[We’re pleased to welcome author, Anne-Laure Fayard of New York University. She recently published an article in the Journal of Management Inquiry entitled "Notes on the Meaning of Work: Labor, Work, and Action in the 21st Century" which is currently free to read for a limited time. Below, she reflects on the backstory and motivation for … Continue reading Notes on the Meaning of Work
How well do published management articles represent the broader management research? To say that questionable research practices impact only a few articles ignores the broader, systemic issue effecting management research. According to authors Ernest Hugh O'Boyle Jr., George Christopher Banks, and Erik Gonzalez-Mulé, the high pressure for academics to publish leads many to engage in questionable … Continue reading The Chrysalis Effect: Publication Bias in Management Research
The emergence of the Islamic State of Iraq and the Levant (ISIL) in recent years has been a cause for concern across the globe, particularly as the terrorist group becomes not only more organized, but also more prominent. Analyzing the rise of ISIL, many researchers are unsure of what the future holds for ISIL, and how much longer … Continue reading How Can Organization Theory Help Explain the Emergence of ISIL?
As a blog catering to academics, researchers and practitioners, Management INK features important content on key research topics. Besides highlighting top scholarship, we (the editorial team for the blog) wish for this venue to serve as a resource to inform but also to equip and grow readers in their research and writing activities. Lately we … Continue reading Reflections on Academic Research and Writing: The Ecstasy and the Agony (Part 1)
The June issue of Administrative Science Quarterly is now available and can be read online for free for the next 30 days. This issue offers a range of engaging articles on organizational studies as well as insightful book reviews. Administrative Science Quarterly Editor-in-Chief Gerald F. Davis opens the issue with his editorial essay entitled "What … Continue reading The June Issue of Administrative Science Quarterly is Now Online!
In the latest podcast from Journal of Management, Ernest Hugh O'Boyle Jr, lead author of the article "The Chrysalis Effect: How Ugly Initial Results Metamorphosize Into Beautiful Articles" speaks with Journal of Management Associate Editor Fred Oswald about the article's findings concerning questionable research practices. The podcast can be downloaded by clicking here and the … Continue reading Listen to the Latest Podcast from Journal of Management on “The Chrysalis Effect”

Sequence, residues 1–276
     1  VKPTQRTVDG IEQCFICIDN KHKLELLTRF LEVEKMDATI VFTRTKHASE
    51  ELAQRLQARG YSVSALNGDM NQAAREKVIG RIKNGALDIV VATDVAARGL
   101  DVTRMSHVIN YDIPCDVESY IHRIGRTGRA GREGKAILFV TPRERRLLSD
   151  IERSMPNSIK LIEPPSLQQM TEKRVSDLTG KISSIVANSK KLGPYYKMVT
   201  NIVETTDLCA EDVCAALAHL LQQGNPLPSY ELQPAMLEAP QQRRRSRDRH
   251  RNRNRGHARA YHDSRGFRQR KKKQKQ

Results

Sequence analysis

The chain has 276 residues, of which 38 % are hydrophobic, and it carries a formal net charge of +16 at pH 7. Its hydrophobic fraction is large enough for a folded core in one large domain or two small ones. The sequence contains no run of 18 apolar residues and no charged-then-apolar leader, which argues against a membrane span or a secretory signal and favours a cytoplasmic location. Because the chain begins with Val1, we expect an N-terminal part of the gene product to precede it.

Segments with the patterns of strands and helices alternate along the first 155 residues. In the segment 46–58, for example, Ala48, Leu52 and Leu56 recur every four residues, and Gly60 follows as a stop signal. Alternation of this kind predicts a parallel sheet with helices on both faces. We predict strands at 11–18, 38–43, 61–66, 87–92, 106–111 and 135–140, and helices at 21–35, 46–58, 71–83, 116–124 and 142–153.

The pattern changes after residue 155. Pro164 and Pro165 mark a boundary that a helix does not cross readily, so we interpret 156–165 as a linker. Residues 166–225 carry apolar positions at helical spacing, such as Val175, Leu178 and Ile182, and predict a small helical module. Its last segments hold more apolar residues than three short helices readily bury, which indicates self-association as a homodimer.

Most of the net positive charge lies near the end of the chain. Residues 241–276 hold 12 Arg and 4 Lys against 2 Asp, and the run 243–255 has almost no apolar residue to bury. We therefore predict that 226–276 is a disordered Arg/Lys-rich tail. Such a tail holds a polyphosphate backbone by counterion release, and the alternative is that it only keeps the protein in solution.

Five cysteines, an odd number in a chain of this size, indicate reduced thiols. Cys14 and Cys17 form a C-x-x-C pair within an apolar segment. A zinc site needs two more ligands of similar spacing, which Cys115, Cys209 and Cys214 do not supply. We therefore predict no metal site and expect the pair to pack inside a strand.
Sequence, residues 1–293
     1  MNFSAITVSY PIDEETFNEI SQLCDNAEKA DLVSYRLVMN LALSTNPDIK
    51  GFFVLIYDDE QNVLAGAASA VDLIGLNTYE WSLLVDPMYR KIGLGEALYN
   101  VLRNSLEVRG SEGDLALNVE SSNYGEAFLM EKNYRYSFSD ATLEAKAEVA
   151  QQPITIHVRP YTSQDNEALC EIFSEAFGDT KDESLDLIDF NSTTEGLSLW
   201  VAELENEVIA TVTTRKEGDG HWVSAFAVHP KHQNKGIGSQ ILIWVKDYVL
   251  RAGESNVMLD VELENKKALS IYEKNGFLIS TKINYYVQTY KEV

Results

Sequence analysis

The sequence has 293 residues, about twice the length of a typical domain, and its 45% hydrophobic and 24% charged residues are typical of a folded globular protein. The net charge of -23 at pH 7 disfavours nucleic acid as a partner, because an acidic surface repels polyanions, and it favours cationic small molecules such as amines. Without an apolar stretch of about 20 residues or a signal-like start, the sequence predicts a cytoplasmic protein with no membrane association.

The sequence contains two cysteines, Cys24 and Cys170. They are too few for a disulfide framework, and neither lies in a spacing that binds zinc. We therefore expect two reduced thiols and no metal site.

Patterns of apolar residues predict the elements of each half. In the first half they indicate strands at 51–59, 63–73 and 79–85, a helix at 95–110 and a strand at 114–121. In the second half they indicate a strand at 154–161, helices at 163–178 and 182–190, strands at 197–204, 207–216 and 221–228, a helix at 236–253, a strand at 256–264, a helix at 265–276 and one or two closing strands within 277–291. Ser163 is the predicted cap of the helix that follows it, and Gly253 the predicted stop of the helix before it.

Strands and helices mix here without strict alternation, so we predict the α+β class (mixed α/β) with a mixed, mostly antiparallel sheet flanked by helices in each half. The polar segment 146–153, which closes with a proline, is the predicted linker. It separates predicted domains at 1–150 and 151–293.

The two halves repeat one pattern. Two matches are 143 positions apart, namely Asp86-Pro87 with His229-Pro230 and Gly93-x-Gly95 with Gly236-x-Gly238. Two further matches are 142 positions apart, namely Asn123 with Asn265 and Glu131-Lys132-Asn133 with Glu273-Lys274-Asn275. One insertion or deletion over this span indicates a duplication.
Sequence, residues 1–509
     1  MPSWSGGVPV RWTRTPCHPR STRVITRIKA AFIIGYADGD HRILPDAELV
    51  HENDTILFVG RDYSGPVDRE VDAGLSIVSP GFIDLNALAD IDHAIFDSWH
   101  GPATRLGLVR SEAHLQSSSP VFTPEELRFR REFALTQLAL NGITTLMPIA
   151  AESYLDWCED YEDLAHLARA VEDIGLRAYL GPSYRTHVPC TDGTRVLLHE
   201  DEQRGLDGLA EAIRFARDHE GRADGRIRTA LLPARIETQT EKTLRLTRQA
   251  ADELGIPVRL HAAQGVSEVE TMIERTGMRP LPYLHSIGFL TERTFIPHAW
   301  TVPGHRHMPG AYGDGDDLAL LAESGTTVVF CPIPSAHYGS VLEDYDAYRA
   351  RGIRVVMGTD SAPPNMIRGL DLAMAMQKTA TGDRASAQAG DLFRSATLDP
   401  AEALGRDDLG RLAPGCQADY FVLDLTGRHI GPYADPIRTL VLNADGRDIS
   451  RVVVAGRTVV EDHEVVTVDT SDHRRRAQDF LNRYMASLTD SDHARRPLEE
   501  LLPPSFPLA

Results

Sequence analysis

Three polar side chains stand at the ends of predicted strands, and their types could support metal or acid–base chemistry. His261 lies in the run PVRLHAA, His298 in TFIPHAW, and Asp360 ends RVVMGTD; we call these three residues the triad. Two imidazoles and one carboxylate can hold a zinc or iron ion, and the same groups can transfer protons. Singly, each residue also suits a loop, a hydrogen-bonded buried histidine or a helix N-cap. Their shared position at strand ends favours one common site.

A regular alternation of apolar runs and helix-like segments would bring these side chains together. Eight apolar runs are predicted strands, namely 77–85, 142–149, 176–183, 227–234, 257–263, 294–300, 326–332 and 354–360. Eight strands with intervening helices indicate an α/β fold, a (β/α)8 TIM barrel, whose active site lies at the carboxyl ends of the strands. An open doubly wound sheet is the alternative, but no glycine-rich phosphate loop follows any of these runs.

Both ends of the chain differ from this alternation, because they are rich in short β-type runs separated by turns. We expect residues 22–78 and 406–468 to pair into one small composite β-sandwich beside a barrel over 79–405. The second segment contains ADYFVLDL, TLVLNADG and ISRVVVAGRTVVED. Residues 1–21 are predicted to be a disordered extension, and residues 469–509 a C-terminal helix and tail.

Gerald F. Davis, editor of Administrative Science Quarterly, explores this question in his editorial essay from the June issue of from Administrative Science Quarterly. The abstract: The Web has greatly reduced the barriers to entry for new journals and other platforms for communicating scientific output, and the number of journals continues to multiply. This leaves readers … Continue reading Jerry Davis asks “Why Do We Still Have Journals?”
The publishing industry can be competitive. But how far will a potential researcher go to achieve success? Farther than you would think, according to a forthcoming Journal of Management article entitled “The Chrysalis Effect: How Ugly Initial Results Metamorphosize into Beautiful Articles.” The abstract: The issue of a published literature not representative of the population … Continue reading Are There Questionable Research Practices in Management Research?
When out to dinner with one's mother-in-law, it's common knowledge that there are simply topics that should not be breached. But has this fear of impropriety seeped into academic research on Organizational stigma as well? Bryant Ashley Hudson and Gerardo A. Okhuysen discuss this idea and it's possible consequences in their paper, "Taboo Topics: Structural … Continue reading Has Organizational Stigma Research Become Strictly PG?
Organizational Research Methods invites papers for a Feature Topic on Mixed Methods in the Organizational Sciences. Guest editors for this feature topic are Jose F. Molina-Azorin, Donald Bergh, Kevin Corley, and David Ketchen. Topics include, but are not limited to: - Philosophy of science issues related to mixed methods research - Explanations of how mixed … Continue reading Exploring Mixed Methods in Organizational Sciences